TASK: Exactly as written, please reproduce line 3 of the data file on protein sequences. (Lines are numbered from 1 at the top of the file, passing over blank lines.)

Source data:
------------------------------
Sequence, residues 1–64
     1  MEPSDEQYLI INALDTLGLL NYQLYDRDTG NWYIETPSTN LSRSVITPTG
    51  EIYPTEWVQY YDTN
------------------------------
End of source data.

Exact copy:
    51  EIYPTEWVQY YDTN